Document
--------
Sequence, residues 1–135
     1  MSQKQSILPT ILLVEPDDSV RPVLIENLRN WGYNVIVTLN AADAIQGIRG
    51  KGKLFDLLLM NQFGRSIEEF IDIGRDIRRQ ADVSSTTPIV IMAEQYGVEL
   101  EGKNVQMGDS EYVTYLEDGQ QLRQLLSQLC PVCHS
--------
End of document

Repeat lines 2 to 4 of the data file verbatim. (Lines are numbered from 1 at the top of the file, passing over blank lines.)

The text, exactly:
     1  MSQKQSILPT ILLVEPDDSV RPVLIENLRN WGYNVIVTLN AADAIQGIRG
    51  KGKLFDLLLM NQFGRSIEEF IDIGRDIRRQ ADVSSTTPIV IMAEQYGVEL
   101  EGKNVQMGDS EYVTYLEDGQ QLRQLLSQLC PVCHS